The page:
Thursday, May 17, 2012

Letters from the Front: Languishing at Lancaster

"...none fight more for the approbation of Genl. Washington, as to publick Virtue & Love of one Country, that all my Eye, Its Honour & thanks in Genl. Orders, which I esteem of more Value than all the Gold medals & Sword"

The late winter of 1778 did not find all of Washington's Army at Valley Forge: many of the additional regiments raised from the start of the year were posted further to the west, such as at Lancaster, PA, where the men of the 16th Massachusetts Regiment (Henry Jackson's Additional Continental Regiment) languished, with a significant portion of the regiment sick in hospital. The first of a series of letters from the regiment's field commander, Major John Steel Tyler, demonstrates the renewed fighting spirit with which American troops approached the new campaign season of 1778, following on the heels of significant victories in 1777. Despite the deaths of several key officers (occasioning recommendations for replacements in Tyler's letter), the Major assured his commander that the new regiment was ready to do his name justice. Tyler's letter (presented in full below) also testifies to the personal loyalties that officers and men felt to General George Washington, which occasionally eclipsed the larger issues around which the Revolution is generally considered to have turned. Our thanks go to Library Research Assistant David Swain for tackling some particularly challenging handwriting and grammar.


Sol Feinstone Collection No. 1404
J[ohn Steel] Tyler to [Henry Jackson], Lancaster, [PA], 3 Feb. 1778
Transcribed by David Swain October 2011

Lancaster Feby. 3 1778
Dear Coll.
            I have not recd. any letters from you since yours to Col Cobb of Jany. 1—The situation of your Regt. is pretty much as when the Col left us, except on Saturday last I attend Serj Majr. Hallet to his Grave. I gave him a Funeral equal to his Rank, God rest his Soul. I shall take the liberty knowing it to be perfectly agreable to you, to put in to morrows Orders the promotion of Serj Leeland of the Grenadiers to the Rank of Serj Maj. who good Conduct as a Soldier merits it—And Coll. give me leave to say word for Serj. Brown of the Light Compy. who as done the Duty of Quarter Master for this 2 months past & as given great satisfaction to Officers & Soldiers. If our Quarter Master Grant leave us, I am sure you can never gett a person so attentive. His attention to the men whilst they was in Hospital & his good conduct since, together with his abilitys for the post, induce me to recommend him to your particular Notice—Mr. Adj Caren has been very Unwell, so Ill as not to able to do his Duty Mr Walker attends to it & with a Grace, your Officers & Soldiers are as attentive to their duty, as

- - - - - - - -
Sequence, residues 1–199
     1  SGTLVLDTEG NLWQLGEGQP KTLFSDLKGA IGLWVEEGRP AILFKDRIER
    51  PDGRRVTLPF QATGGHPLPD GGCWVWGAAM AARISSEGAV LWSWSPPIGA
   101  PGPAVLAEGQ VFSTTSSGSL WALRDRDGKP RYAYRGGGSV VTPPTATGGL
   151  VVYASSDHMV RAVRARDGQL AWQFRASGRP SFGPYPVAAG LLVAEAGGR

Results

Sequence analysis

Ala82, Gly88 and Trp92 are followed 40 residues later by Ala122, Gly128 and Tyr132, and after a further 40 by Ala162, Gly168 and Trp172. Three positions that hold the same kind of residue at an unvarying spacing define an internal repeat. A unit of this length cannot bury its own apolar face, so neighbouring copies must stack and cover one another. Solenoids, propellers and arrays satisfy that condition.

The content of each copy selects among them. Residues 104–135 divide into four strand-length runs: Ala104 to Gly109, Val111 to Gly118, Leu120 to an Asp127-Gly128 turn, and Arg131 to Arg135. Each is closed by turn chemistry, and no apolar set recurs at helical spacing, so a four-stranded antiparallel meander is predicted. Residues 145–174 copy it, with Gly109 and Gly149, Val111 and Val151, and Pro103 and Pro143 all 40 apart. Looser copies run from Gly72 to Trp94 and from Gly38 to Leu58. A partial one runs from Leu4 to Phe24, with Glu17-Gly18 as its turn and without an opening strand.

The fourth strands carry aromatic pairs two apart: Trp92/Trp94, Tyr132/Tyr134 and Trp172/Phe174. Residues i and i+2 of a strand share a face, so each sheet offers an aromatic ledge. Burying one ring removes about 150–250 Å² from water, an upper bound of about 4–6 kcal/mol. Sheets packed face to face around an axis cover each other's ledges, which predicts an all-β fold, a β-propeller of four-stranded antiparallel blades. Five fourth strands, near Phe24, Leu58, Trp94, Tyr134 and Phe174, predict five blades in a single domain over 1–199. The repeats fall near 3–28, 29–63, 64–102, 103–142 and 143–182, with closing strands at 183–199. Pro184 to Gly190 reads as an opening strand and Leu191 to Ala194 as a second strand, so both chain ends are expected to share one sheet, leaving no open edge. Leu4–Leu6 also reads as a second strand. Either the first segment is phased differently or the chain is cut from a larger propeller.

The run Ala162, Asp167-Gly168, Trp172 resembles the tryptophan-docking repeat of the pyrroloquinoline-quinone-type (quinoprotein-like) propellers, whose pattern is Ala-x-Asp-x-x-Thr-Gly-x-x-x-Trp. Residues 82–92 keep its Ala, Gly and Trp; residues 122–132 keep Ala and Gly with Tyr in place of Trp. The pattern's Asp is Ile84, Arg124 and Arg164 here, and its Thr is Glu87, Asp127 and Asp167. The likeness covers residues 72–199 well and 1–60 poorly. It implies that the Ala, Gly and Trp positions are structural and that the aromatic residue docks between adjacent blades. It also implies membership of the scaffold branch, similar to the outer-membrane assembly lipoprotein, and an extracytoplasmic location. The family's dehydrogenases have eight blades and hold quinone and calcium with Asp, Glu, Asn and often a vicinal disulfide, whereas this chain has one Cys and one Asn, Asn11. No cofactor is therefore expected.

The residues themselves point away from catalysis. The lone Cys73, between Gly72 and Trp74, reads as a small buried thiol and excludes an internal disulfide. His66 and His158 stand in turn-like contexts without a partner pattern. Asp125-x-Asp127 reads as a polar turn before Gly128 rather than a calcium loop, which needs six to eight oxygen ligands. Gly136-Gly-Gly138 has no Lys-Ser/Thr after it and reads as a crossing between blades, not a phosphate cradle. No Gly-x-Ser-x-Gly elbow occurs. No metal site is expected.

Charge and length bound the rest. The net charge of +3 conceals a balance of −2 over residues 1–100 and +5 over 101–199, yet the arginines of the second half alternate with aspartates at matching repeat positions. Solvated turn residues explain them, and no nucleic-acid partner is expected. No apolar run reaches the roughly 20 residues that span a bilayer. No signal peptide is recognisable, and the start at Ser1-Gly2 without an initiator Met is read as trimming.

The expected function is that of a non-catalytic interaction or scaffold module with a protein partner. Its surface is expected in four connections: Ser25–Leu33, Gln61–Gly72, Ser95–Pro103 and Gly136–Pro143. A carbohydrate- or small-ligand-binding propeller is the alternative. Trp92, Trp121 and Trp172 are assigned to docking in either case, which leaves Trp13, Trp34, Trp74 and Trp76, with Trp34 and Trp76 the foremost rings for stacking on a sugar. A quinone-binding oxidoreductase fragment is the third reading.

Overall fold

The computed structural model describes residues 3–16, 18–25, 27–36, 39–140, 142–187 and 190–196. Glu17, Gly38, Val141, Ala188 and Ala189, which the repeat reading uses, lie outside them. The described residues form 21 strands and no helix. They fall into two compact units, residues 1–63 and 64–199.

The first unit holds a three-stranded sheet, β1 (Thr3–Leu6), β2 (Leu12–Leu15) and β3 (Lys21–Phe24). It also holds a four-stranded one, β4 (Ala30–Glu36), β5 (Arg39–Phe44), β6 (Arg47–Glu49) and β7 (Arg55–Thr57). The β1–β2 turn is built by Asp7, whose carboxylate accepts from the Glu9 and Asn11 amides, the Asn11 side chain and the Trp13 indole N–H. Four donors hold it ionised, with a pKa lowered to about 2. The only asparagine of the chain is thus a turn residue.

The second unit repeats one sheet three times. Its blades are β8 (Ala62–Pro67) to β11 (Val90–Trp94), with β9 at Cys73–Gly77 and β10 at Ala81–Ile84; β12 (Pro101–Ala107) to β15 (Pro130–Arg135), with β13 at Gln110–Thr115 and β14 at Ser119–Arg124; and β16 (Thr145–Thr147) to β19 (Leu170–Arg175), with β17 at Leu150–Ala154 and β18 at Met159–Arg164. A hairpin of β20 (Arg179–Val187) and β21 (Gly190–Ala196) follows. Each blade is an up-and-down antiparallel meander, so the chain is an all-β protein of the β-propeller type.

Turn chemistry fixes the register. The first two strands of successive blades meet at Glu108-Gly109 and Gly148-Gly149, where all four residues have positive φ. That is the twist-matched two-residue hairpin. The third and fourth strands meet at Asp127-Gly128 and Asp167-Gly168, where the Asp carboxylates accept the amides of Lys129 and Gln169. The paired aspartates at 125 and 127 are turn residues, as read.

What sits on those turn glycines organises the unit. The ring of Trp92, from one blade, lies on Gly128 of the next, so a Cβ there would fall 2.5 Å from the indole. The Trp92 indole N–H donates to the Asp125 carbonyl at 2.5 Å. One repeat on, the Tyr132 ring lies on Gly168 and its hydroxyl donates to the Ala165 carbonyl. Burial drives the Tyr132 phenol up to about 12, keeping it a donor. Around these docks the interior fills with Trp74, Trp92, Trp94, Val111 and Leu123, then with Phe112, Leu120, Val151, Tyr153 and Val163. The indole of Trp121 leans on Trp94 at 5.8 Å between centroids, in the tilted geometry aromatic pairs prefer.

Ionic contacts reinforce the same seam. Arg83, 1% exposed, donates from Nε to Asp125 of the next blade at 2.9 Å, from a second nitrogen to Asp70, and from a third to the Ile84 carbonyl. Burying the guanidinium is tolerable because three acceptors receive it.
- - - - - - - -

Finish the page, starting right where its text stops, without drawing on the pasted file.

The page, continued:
[pg 1]

men can be, if their is a choice it lays between Capt. Dolliver & M Walker, the latter merits everything as an Officer & Gent. He exeeds the Character that you had formd. of him. Indeed they all act up to the Character of Soldier figting for Washington—you see Col I give you my mind very freely thinking you have a desire to hear, & relying upon your knowlidge of the Genl. for Secrecy. at present I am very Happy with my command & would not wish to be deprivd. of it, till I can present you with some laurels gaind. by your Regt. & those to be acquired with the Loss of a few officers & men, for Indeed Col., none fight more for the approbation of Genl. Washington, as to publick Virtue & Love of one Country, that all my Eye, Its Honour & thanks in Genl. Orders, which I esteem of more Value than all the Gold medals & Sword, than can be related [?] in a Thousand Years, but Mum—
            Its give [?] an extract of a letter this day recd. from Genl. Washington, “As soon as the detachment under your command is fit to leave the Hospital, I desire that you may march immediately to this Camp. They are much wanted here,” Col Smith goes for camp to represent the matter to his  Excely if the Shoes Arrivd. should be very easy, but the men cannot march till they procure them for us, I drew out of the Continental Sore, 40 Shirt, expect tomorrow

[pg 2]

To get as many Hoes, Shall [tear in letter] [b]y the post—
Respect to Gen Kere                                                   J Tyler
Compt. [illegible] Officers—&c

M. Adt Caren fever his very unsure, & Mr. Turner his dangerous with a fever     I shall write you P post—

[pg 3]

Have something you want to share, such as a question, research find, or a personal story about the Library? Email Will Tatum at 

No comments:

Post a Comment